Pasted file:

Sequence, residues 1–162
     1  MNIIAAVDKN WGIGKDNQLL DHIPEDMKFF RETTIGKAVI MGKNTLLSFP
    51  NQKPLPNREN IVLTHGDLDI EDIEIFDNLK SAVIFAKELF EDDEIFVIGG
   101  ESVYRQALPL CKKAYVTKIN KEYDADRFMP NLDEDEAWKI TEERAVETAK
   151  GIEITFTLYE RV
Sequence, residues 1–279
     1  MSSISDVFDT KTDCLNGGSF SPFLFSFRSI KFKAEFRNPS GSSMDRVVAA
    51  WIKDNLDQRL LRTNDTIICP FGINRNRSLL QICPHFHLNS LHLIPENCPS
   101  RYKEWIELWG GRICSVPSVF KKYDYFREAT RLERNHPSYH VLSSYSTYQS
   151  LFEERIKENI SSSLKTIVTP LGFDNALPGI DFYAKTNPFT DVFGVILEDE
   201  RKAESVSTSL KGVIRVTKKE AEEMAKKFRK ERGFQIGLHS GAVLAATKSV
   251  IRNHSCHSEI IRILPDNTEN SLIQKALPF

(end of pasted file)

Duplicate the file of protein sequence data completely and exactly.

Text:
Sequence, residues 1–162
     1  MNIIAAVDKN WGIGKDNQLL DHIPEDMKFF RETTIGKAVI MGKNTLLSFP
    51  NQKPLPNREN IVLTHGDLDI EDIEIFDNLK SAVIFAKELF EDDEIFVIGG
   101  ESVYRQALPL CKKAYVTKIN KEYDADRFMP NLDEDEAWKI TEERAVETAK
   151  GIEITFTLYE RV
Sequence, residues 1–279
     1  MSSISDVFDT KTDCLNGGSF SPFLFSFRSI KFKAEFRNPS GSSMDRVVAA
    51  WIKDNLDQRL LRTNDTIICP FGINRNRSLL QICPHFHLNS LHLIPENCPS
   101  RYKEWIELWG GRICSVPSVF KKYDYFREAT RLERNHPSYH VLSSYSTYQS
   151  LFEERIKENI SSSLKTIVTP LGFDNALPGI DFYAKTNPFT DVFGVILEDE
   201  RKAESVSTSL KGVIRVTKKE AEEMAKKFRK ERGFQIGLHS GAVLAATKSV
   251  IRNHSCHSEI IRILPDNTEN SLIQKALPF